What was shocking to me was that, of the 21 Biznar alerts I got today, only 4 of them were ever presented by Google Alerts. At the end of this article are the titles (with links), authors, and snippets of the 21 Biznar alerts.

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13
Mar

I’m always on the lookout for academic articles related to federated search or the deep web to review. I’m embarrassed to not have heard about OAIster until Abe turned me on to it.

If you’re also new to OAIster, here’s a snippet from their About page:

OAIster is a union catalog of digital resources. We provide access to these digital resources by “harvesting” their descriptive metadata (records) using OAI-PMH (the Open Archives Initiative Protocol for Metadata Harvesting). The Open Archives Initiative is not the same thing as the Open Access movement.

The About page goes on to say:

These resources, often hidden from search engine users behind web scripts, are known as the “deep web.” The owners of these resources share them with the world using OAI-PMH.

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11
Mar

In the fall of 2006, the University of Wyoming Libraries began implementing Serials Solutions’ Central Search (now 360 Search.) Reference librarians Michael Nelson, Mary Ann Harlow, and Cassandra Kvenild chronicle their experience (through completion in January 2007) at AllBusiness.com.

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9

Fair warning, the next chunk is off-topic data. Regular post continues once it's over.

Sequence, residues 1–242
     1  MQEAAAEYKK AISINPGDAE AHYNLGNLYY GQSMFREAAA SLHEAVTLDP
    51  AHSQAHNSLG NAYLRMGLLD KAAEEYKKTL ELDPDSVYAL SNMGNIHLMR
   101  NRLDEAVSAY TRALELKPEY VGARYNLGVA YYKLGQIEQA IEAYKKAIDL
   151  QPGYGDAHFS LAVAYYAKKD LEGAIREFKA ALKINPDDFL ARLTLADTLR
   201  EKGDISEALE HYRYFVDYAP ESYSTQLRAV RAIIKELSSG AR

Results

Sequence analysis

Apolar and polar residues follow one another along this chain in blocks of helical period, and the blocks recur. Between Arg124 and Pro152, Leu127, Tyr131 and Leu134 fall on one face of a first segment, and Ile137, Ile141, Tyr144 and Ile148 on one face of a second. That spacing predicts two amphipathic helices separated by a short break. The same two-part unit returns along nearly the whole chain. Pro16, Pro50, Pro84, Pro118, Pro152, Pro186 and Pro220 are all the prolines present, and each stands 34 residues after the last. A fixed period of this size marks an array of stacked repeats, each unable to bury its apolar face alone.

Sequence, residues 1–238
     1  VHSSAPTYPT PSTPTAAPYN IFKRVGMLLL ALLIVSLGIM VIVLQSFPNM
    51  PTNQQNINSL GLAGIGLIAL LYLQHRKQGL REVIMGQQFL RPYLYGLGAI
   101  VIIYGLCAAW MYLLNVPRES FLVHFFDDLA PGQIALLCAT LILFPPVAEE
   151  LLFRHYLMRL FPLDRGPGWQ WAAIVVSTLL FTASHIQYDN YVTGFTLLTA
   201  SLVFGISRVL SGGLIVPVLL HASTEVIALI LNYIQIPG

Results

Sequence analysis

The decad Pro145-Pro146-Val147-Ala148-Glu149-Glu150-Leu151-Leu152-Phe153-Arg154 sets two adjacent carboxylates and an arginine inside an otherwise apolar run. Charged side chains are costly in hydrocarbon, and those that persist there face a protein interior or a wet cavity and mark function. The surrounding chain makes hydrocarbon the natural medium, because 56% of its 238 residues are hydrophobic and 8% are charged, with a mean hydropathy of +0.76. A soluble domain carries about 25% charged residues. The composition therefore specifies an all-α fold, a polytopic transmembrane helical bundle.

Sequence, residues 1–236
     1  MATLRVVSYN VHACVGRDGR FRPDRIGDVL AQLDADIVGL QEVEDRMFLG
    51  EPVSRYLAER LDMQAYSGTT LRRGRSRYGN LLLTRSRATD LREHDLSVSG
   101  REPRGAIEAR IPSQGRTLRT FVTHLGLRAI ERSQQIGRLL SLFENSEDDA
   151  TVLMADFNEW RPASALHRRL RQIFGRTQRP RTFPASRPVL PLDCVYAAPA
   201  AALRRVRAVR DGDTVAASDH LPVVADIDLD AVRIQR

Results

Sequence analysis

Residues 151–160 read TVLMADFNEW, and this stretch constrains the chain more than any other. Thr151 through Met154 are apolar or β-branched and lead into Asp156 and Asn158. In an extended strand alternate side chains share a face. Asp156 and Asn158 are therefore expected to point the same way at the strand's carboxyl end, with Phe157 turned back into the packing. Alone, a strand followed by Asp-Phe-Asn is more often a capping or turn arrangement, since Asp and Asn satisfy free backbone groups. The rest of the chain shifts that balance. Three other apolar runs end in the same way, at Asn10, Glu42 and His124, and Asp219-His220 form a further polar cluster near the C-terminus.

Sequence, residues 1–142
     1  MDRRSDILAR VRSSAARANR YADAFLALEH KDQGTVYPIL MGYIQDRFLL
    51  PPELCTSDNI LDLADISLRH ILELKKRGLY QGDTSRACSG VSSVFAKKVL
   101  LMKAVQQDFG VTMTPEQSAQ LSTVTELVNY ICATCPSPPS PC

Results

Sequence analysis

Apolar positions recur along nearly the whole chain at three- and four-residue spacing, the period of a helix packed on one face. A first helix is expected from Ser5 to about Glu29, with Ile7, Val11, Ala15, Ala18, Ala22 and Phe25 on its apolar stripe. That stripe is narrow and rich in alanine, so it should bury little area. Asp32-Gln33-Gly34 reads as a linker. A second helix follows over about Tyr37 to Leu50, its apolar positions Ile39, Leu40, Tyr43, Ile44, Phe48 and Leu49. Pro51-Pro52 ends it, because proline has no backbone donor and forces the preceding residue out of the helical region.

Mar

The blog is 15 months old now. Not too long ago the blog (momentarily) hit 700 readers. Clearly enough of you find the blog to have sufficient value that you subscribe. But, I’m not satisfied to have a respectable reader base. I’d like to see the blog grow in a couple of areas: input from vendors and experiences of people implementing federated search solutions.

I’ll be the first to admit that I’ve been mostly exposed to one federated search product. You can read more about me in my About page. My experience with federated search is fairly deep, but it’s with a single vendor, blog sponsor Deep Web Technologies. I worked there for five years and have consulted with them for a year after starting a consulting business. I’m familiar with many of the technical issues that customers face because I wore enough hats at Deep Web Technologies to encounter many of these issues. I built (simple) connectors. I deployed their products, I did troubleshooting. I managed engineers who worked with the technology and customers.